Friday, February 27, 2015

Review: I Will Breathe

I Will Breathe
I Will Breathe by Regina Puckett

My rating: 5 of 5 stars

I'm a big fan of Regina Puckett's writing and this new release did not disappoint. I Will Breathe is a smart and witty steampunk story, set in the time after the Great War. When tough-talking scavenger Liberty gets saddled with a robot called Boy, her quiet and self-centered life changes. As their relationship evolves, we are treated to Ms. Puckett's vision of a post-apocalyptic world, where safety is found in the dizzying heights of the sky, while the land below offers a realm of opportunity, discovery and danger.

I Will Breathe displays Ms. Puckett's classic wit and masterful story-telling skills as she deftly develops a charming tale with story elements that echoed the universal themes of new beginnings found in creation stories and classic stories such as Pinocchio.

I have barely finished reading I Will Breathe and I'm already looking forward to Ms. Puckett's next tale!

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Friday, February 06, 2015

Review: The Flame of Love

The Flame of Love
The Flame of Love by Elizabeth Kindelmann

My rating: 4 of 5 stars

I'm not sure what to make of Elizabeth Kindelmann's life and her many visions (locutions) with Jesus and Mary, recorded in these journals.

What I liked:
I enjoyed reading about this woman's deep faith. The effects on her soul of her talks with Jesus reminded me of St. Teresa's own torments.

What I am unsure of:
That Jesus and Mary would have so many conversations with one person, essentially saying the same thing, over and over, for fifty years. That Jesus had to keep repeating his urgent request to Elizabeth to go speak to her priest and to her Bishop. She would eventually do it, but not with the haste that I would expect someone to move given the source of the request. Also, she would periodically recant everything she was asked to convey on behalf of our Blessed Mother and her Son. Lastly, I did not feel the reverence or inspiration that I would imagine feeling if I were reading a text that held actual transcriptions of a person's intimate conversations with Jesus and Mary.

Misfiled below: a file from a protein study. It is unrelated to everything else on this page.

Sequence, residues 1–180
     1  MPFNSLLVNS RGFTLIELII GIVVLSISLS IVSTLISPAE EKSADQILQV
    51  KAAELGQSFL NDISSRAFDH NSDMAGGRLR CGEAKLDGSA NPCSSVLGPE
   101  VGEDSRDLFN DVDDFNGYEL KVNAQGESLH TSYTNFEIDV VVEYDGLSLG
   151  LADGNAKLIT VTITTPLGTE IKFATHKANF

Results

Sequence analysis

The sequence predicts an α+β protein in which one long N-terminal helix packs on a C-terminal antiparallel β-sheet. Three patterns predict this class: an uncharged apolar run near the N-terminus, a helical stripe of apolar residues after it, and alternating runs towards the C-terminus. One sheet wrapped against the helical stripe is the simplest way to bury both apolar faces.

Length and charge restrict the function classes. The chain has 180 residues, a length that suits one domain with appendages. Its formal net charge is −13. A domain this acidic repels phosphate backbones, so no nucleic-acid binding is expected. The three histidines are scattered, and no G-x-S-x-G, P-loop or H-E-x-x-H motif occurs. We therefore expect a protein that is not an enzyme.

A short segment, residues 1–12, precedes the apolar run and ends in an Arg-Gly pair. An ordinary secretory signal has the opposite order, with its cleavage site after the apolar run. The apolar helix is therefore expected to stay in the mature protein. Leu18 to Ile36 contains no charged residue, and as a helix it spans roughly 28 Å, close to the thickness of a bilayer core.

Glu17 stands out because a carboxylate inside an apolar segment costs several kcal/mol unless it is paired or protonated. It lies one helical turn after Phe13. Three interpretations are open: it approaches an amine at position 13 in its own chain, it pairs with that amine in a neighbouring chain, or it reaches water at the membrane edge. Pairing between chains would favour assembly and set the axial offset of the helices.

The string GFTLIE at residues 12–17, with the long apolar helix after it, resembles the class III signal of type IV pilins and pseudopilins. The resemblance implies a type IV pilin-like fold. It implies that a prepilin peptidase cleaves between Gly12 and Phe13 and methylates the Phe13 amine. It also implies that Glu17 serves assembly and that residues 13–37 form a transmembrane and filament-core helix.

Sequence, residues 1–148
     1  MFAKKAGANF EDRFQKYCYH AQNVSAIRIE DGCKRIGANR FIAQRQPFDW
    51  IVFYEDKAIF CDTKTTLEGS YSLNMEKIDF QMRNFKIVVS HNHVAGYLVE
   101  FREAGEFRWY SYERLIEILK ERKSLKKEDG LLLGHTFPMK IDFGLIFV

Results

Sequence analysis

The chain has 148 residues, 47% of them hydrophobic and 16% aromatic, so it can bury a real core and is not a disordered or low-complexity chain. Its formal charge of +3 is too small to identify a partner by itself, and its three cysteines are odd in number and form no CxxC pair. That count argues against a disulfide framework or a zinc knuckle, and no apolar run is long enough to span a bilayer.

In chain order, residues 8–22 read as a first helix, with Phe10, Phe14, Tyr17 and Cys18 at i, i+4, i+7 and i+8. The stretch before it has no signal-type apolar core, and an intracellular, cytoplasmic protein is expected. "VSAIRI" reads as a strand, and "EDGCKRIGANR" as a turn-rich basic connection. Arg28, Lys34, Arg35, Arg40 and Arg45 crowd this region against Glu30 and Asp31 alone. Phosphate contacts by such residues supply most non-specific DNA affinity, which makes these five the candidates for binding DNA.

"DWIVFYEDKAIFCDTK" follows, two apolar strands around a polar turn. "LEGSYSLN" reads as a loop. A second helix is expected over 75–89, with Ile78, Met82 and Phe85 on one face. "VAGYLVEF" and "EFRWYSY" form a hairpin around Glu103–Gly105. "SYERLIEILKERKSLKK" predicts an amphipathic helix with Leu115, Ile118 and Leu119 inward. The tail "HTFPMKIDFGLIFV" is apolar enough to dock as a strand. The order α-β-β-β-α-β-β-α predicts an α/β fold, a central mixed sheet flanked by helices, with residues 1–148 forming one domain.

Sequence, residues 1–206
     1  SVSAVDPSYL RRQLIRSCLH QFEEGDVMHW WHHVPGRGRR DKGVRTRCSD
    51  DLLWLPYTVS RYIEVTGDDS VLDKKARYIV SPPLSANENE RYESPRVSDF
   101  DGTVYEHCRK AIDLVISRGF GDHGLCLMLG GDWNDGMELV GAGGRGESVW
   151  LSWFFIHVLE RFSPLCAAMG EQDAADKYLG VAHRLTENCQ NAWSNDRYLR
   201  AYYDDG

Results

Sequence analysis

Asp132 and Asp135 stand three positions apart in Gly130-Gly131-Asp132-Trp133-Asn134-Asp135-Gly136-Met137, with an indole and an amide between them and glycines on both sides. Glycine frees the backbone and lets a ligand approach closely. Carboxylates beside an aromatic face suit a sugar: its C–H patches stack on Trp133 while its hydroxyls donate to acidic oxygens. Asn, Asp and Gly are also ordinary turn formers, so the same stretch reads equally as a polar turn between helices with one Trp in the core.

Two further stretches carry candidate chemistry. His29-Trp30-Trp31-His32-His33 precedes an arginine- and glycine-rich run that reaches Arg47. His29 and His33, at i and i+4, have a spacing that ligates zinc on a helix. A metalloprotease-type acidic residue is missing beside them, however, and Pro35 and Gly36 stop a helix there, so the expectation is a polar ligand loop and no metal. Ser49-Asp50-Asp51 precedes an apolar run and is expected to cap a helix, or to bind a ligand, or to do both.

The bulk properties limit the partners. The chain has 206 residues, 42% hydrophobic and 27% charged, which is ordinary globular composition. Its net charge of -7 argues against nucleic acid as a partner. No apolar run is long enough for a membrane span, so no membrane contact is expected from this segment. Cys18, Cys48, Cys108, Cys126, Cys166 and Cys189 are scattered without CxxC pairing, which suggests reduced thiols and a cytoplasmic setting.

Another problem, possibly the biggest one that concerns me, is that this edited version of Kindlemann's journal contains a hundred times more of Jesus' words than what He says in the Gospels combined. Since this journal has received so many imprimaturs, why is it not being considered as another Gospel, then?

With so many of His words recorded on page after page, Jesus is reduced to another character in a book, and that concerns me. At one point, Jesus appears as Elizabeth is preparing to eat one of her infrequent lunches - she fasts more often than she eats - and she just proceeds to eating while Jesus speaks to her. I've never been privy to personal Divine revelations, but I could guess that I would not continue chewing on my pb & j sandwich while Jesus addressed me.

I would have to say that ultimately I was not convinced - at least not enough to start fasting on Mondays, Thursdays and Fridays, as we are asked to do.

Still, I recommend people read Elizabeth's journals and make up their minds. Hopefully, their hearts will be converted to The Cause, if that is God's will.

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Tuesday, February 03, 2015

Review: The Interior Castle

The Interior Castle
The Interior Castle by Teresa of Ávila

My rating: 4 of 5 stars

St. Teresa of Avila explains, in her own personal way, the subtle rooms of the soul as one delves deeper into one's faith in search of God - who dwells at the center of the soul.

There are a great many perils to be frought and to be overcome along the way, but the fight is a worthwhile one, since Jesus is waiting to welcome us into the seventh and final room.

I enjoyed this biography/how-to book although, to be honest, my initial incentive to read it was only as a prelude to reading St. John of the Cross' Dark Night of the Soul.

Given St. Teresa's frequent references to her previous biography "Life" I will now read that one before reading St. John of the Cross.

The Interior Castle is the perfect book for Catholics looking to read a Church classic during Lent.

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